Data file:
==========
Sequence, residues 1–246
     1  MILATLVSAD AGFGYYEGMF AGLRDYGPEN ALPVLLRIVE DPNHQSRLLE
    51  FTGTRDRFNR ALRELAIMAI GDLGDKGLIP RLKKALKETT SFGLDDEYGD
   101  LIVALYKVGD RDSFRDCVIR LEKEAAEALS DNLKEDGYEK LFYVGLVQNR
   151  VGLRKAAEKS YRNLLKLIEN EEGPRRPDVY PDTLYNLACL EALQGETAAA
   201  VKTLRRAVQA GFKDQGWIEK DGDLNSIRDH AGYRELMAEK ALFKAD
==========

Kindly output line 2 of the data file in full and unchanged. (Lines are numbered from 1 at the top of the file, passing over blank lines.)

     1  MILATLVSAD AGFGYYEGMF AGLRDYGPEN ALPVLLRIVE DPNHQSRLLE